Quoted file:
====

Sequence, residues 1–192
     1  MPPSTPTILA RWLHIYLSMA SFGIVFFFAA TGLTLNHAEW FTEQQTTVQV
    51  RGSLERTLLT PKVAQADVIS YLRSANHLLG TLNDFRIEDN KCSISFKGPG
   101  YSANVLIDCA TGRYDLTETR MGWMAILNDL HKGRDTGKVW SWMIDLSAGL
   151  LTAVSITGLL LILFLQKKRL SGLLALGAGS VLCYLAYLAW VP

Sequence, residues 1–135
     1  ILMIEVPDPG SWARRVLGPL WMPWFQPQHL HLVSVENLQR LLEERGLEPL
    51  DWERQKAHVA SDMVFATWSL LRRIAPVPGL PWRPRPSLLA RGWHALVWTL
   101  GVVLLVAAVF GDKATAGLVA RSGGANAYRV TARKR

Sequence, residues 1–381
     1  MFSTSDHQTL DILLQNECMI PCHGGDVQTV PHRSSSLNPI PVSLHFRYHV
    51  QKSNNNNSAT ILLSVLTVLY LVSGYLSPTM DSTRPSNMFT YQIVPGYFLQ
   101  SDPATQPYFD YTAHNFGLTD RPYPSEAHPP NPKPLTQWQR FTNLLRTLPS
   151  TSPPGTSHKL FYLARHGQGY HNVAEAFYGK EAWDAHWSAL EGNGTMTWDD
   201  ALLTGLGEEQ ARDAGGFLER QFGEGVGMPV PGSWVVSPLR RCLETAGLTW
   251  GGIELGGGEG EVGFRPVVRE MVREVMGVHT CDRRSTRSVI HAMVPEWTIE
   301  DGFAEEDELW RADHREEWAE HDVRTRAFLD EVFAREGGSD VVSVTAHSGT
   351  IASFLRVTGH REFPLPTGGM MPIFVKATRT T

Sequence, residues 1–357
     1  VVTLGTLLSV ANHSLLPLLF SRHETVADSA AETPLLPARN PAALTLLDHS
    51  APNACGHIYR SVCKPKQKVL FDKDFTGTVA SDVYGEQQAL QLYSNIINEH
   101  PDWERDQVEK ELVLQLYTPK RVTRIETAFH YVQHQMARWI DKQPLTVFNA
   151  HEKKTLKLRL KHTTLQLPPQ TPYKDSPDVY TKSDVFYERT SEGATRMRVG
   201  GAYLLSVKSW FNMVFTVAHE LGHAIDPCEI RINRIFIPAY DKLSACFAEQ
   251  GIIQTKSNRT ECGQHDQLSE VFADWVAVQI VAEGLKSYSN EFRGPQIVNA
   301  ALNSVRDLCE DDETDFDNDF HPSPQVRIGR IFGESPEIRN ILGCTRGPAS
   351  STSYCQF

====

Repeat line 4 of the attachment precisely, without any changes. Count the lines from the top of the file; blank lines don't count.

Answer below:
   101  YSANVLIDCA TGRYDLTETR MGWMAILNDL HKGRDTGKVW SWMIDLSAGL